More thoughts on the blues

So my father-in-law, who is a big fan of the blues, apparently read my confused gibbering on the subject a few weeks ago and decided to help me out by getting me a nice introductory book. Thanks, Mike!

I’m enjoying it so far; I love reading about music, and the early bluesmen and -women were a colourful crew. The one fly in the ointment, as you can probably guess – and as I discovered while writing Seraphina – is that words can only approach music obliquely. I still needed to hear it for myself.

So I went to YouTube and poked around, starting with Robert Johnson and proceeding in a haphazard manner through Blind Lemon Jefferson and Leadbelly and I can’t even remember who. I can’t remember because none of it was sticking with me, alas. This is usually the case with me and new (to me) music: it slides right off my Teflon brain.

Then all of a sudden I hit one that made some kind of sense to me: Robert Petway’s Catfish Blues. Go listen. I’ll wait.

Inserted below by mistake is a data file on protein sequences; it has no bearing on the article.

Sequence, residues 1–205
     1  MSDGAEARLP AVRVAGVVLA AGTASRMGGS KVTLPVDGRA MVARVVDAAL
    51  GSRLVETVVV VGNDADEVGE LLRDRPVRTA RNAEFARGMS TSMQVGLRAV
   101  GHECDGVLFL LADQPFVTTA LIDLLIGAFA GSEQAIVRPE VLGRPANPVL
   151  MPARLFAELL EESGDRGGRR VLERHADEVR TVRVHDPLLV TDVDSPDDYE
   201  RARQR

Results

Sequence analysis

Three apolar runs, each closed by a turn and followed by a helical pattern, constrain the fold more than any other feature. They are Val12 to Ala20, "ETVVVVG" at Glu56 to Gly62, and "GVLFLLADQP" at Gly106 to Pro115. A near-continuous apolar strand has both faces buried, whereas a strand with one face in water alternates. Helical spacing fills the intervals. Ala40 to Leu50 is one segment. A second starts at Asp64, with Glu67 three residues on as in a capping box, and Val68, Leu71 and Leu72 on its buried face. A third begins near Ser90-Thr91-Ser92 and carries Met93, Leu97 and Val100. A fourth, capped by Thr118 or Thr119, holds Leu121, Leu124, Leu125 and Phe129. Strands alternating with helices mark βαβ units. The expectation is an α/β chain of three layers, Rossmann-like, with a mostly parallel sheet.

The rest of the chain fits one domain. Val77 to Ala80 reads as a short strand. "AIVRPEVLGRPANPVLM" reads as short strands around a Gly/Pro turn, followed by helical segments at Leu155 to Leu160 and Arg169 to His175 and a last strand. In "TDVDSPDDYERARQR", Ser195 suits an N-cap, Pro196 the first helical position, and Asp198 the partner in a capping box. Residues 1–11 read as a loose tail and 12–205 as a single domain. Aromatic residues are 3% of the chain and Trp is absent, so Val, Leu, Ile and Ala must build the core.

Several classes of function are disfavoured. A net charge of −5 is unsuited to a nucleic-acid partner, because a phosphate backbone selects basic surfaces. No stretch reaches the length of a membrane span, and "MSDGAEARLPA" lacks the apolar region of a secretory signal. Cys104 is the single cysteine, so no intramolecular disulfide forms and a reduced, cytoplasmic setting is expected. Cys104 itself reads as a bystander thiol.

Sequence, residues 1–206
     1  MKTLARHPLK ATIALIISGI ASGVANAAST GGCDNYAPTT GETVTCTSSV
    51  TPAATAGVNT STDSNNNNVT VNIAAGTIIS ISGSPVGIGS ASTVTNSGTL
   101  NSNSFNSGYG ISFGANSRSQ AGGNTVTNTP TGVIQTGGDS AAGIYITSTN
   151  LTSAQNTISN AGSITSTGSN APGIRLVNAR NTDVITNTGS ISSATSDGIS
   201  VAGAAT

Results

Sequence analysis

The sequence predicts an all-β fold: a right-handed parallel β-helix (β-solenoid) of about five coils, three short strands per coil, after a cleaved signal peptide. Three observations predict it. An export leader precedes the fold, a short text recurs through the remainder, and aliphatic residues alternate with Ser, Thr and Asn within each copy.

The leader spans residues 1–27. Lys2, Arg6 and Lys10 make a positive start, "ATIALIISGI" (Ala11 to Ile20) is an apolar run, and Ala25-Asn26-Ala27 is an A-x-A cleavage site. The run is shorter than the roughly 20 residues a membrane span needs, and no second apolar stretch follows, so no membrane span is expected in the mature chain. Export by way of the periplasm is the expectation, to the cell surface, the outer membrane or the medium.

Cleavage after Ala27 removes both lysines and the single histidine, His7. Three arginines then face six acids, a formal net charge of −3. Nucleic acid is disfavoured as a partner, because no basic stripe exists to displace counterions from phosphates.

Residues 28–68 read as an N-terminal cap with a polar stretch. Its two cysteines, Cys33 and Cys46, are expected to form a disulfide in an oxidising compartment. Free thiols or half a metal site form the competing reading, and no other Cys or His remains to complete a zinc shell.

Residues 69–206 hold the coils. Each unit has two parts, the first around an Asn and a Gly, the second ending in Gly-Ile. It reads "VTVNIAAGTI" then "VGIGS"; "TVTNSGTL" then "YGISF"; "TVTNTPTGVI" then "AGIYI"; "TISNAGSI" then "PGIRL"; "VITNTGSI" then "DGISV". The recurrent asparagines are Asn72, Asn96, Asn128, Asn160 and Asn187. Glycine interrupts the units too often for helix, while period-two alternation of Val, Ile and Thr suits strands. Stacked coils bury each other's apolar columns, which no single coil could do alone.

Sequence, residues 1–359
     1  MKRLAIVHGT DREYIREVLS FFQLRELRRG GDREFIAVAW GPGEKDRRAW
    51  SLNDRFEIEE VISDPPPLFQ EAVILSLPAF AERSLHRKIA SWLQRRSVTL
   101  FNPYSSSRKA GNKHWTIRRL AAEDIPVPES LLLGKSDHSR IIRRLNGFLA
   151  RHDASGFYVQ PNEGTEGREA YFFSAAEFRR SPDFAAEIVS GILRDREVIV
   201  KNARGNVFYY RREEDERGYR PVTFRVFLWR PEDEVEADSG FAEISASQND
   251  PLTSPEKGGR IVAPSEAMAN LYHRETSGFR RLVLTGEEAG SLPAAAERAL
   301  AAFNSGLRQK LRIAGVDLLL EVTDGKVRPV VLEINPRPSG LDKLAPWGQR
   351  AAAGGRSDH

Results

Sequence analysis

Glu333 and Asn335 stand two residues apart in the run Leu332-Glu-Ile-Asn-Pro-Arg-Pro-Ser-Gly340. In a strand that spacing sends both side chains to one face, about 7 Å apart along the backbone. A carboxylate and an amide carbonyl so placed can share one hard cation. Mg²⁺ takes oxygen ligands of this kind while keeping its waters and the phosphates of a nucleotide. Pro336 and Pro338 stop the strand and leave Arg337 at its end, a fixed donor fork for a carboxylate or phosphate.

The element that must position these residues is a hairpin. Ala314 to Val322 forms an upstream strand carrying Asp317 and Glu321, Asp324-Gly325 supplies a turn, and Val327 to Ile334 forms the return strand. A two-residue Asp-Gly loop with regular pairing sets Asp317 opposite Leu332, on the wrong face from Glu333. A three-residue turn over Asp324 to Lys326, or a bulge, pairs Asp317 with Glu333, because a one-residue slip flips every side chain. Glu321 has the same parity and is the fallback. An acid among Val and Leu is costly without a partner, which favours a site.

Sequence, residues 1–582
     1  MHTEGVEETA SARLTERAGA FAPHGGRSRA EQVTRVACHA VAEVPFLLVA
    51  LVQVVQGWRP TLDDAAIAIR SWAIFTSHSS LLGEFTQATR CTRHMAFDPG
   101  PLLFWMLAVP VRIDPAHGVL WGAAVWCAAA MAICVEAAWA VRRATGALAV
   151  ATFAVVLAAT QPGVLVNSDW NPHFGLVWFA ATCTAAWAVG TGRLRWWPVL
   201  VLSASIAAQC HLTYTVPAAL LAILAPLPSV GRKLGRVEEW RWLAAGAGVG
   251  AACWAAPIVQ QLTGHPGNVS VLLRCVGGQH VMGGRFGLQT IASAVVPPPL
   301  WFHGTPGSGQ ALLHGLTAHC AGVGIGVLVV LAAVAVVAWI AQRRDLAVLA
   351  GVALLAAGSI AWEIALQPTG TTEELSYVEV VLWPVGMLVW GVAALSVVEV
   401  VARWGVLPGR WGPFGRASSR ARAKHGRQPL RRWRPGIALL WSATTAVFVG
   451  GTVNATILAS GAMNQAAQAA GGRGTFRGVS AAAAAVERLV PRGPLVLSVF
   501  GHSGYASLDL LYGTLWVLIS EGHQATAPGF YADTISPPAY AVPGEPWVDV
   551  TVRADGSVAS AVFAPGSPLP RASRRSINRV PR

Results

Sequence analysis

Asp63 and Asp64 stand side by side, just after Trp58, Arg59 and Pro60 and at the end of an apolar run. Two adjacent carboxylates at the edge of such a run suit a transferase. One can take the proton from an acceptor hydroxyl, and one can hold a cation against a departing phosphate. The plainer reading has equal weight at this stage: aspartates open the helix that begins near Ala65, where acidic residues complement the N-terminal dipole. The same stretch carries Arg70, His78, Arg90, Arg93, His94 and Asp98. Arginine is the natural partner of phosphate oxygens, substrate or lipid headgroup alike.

Now listen in close succession: Rolling Stone by Muddy Waters, which was supposedly inspired by Catfish Blues. I can hear it, but it’s subtle

OK, you’ve got those? Well then, ta-daa! The piece de resistance: Voodoo Child by Jimi Hendrix. Don’t quite hear the lineage? Go back and listen to that Petway again.

Aha! I say. AHA! I have successfully connected dots in my brain.

So what was different in “Catfish Blues” that let me connect with it where I was having trouble with the earlier stuff? I have to say it was the livelier guitar line. (My husband was making fun of me just a little bit because I was like, “Oh, this one’s kind of jolly!”  There’s a reason it’s called The Blues, he claims, and I suppose he has a point.)

That said, my favourite of the Robert Johnson songs – “Kind Hearted Woman Blues” – had some pretty impressive guitar. Maybe that’s a way in. Tune in, uh, next time to find out!

One thought on “More thoughts on the blues

  1. Hi, Rachel,

    I missed your earlier post on this… beyond the pentatonic scale per se, the “blue note” phenom is, I think, more important to the overall sound. Or at least, it’s not the pentatonic that makes the blues, but the harmonic combinations that get used. Listen especially for minor-sounding melodies over major-key progressions, or which mutate back and forth between minor and major tonality. See Wikipedia on this:

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